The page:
Muslims assert the utter transcendence of God. Divine revelation therefore takes the form of revealed commandments rather than a revealed person. The issue that separates Christians and Muslims is whether or not the claim that Jesus Christ as the decisive revelation of God compromises the utter transcendence of God. Resolving this issue requires an inquiry into the prophetic calling of Jesus. We need to ask whether Jesus ministry went beyond mere proclamation and constituted an adequate, if not decisive, act of divine salvation for humankind. Continue reading “God, Christ & Humanity: Christian & Muslim Perspectives (Part 2)”

God, Christ & Humanity: Christian & Muslim Perspectives (Part 1)

Part 1: God and Humanity in Islam & Christianity

Thesis: Ultimately, the difference between Islam and Christianity is that the former views the relationship between God and man within the field of power. The Divine-human encounter becomes a contest of strength where human submission is a matter of expediency in the face of sheer dominant power. In contrast, Christianity views the relationship as one that is moral: God, despite his sovereignty, treats human beings as persons with inherent dignity (since they are created in His image). God seeks allegiance from man based not on expediency but as a grateful response to a God who passionately cares for his welfare (c.f., pathos in Abraham Heschel’s work).  Man may fail to perceive the depths of divine pathos. Without a personal revelation from God, man can only be dimly aware of divine pathos in pale and fragmented forms, described as divine sorrow, pity, wrath, and compassion because of his psychological limitations, although divine pathos must be perfect and complete within the divine Trinity. However, these partial perceptions of divine pathos are fully revealed and experienced as divine love when manifested at the cross. Hence the glorious declaration in 2 Corinthians 5:19 – in Christ God was reconciling the world to Himself. Continue reading “God, Christ & Humanity: Christian & Muslim Perspectives (Part 1)”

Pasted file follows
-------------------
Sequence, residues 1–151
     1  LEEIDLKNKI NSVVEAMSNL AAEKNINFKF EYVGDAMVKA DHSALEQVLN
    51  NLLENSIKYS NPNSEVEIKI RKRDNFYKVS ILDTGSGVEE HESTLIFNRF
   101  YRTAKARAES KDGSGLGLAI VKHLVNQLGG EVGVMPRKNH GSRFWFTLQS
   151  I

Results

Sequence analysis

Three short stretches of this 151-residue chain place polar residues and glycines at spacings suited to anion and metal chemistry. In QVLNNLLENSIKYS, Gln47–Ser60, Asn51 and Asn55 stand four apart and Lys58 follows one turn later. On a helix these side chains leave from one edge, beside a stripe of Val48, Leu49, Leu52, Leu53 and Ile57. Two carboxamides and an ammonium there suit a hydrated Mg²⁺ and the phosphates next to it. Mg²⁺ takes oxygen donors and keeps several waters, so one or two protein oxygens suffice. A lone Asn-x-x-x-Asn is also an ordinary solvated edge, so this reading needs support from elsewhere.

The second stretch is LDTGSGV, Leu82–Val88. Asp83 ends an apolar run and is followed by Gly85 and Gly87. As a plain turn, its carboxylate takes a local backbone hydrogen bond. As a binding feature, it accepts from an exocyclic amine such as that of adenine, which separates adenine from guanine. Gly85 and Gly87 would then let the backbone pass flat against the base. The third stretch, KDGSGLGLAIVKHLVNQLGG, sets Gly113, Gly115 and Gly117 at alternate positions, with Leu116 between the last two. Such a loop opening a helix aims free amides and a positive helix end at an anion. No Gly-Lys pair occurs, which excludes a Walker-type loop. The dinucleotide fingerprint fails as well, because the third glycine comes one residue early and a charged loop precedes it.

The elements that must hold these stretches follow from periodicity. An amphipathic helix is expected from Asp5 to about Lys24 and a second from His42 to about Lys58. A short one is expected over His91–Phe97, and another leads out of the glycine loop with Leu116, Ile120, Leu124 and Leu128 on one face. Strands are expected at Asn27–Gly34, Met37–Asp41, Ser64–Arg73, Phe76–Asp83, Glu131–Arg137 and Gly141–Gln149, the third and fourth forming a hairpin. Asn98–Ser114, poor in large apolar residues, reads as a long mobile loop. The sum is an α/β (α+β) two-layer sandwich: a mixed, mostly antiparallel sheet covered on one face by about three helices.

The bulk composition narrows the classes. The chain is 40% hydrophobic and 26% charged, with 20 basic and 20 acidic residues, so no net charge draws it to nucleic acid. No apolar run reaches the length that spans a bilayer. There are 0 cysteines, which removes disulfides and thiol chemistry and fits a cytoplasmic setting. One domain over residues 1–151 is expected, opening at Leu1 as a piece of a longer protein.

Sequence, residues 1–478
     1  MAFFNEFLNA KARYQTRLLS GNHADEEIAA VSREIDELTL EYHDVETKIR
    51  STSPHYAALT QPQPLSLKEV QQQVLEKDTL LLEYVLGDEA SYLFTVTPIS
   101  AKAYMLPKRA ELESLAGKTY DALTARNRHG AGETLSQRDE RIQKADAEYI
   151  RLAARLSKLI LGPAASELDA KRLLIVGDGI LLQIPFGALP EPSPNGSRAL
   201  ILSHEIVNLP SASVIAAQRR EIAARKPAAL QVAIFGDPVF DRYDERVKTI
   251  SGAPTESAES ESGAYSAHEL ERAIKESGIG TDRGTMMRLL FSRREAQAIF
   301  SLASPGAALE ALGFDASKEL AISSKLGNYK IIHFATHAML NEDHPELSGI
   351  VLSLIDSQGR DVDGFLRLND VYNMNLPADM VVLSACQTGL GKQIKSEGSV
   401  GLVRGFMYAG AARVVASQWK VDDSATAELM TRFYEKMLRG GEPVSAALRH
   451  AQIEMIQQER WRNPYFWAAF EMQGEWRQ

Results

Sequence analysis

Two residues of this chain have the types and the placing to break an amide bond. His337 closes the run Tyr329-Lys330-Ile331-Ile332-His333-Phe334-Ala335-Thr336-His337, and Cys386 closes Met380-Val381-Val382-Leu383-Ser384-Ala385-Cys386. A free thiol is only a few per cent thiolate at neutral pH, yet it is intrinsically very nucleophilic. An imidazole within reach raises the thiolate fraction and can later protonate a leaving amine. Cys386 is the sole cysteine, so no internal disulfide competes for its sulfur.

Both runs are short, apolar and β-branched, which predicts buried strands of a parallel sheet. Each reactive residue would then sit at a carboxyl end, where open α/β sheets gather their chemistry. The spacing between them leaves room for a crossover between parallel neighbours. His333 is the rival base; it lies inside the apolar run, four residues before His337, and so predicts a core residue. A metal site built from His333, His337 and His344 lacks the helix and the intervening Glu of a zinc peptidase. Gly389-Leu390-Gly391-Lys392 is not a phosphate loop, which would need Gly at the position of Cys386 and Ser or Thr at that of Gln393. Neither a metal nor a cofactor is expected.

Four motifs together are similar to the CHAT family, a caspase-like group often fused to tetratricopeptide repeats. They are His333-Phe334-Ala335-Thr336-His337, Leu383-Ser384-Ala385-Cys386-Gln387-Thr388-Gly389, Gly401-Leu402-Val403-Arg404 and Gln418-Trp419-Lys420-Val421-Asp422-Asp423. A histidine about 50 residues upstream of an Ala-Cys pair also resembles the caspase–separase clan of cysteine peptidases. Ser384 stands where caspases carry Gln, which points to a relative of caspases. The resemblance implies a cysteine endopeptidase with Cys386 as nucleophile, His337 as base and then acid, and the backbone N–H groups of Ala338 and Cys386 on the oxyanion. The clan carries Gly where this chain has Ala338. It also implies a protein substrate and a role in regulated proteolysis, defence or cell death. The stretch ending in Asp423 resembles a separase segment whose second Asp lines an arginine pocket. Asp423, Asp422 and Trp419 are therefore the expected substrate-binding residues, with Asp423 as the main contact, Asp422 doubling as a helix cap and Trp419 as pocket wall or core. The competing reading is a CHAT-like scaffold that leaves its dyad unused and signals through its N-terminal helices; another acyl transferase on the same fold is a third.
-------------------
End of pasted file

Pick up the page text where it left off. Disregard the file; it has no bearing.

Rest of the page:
Virgin Birth of Jesus Christ. Christmas Fulfilment of Isaiah’s Prophecy

I. Theological Preliminaries
1. Strictly speaking, it is wrong to describe the birth of Jesus as a miracle. The birth process was normal; so normal that Mary made a sacrificial offering required by the Mosaic Law as a woman was considered ceremonially unclean after giving birth. The miracle refers not to the birth, but to the conception of Jesus outside any sexual relations. The caveat duly noted, I shall continue to use the phrase “virgin birth” in accordance with convention.

Modern critics argue that belief in the virgin birth undermines Christian faith as it precludes the full humanity of Jesus. Rather than refuting hypothetical possibility with other hypothetical possibilities (mystere pour mystere), I shall presently focus on the Biblical testimony that the virgin birth does not compromise the full humanity of Jesus (Hebrew 2:14, 17). Likewise, Jesus sharing of our full humanity that includes a normal birth (and human temptation) does not undermine the sinlessness of Jesus (Hebrews 4:15). Continue reading “Virgin Birth of Jesus Christ. Christmas Fulfilment of Isaiah’s Prophecy”

Systematic Theology Vindication of the Gospel

Prologue: Benjamin Breckinridge (B.B.) Warfield (1851-1921) – Professor of Theology, Princeton Seminary: a.k.a. Lion of Princeton.
There was perhaps no theologian in the world as deeply and as widely equipped for the theological task as this “leading ornament” of Princeton’s Theological Seminary. Warfield was well learned in all departments related to biblical studies – the original languages, Old Testament, New Testament, the new biblical “criticism,” theology, historical studies, philosophy, science. He stood out as a giant even in a Princeton land of giants, and was referred to as the “lion of Princeton.” It was said by those who knew him that not only did he know more than his great predecessors – he knew more than all of them put together. His learned grasp was as wide as it was deep, and in his own lifetime he was recognized for it. In all this God had prepared a spokesman, a defender of the faith who could take all comers – Fred Zaspel 

THE MANDATE OF SYSTEMATIC THEOLOGY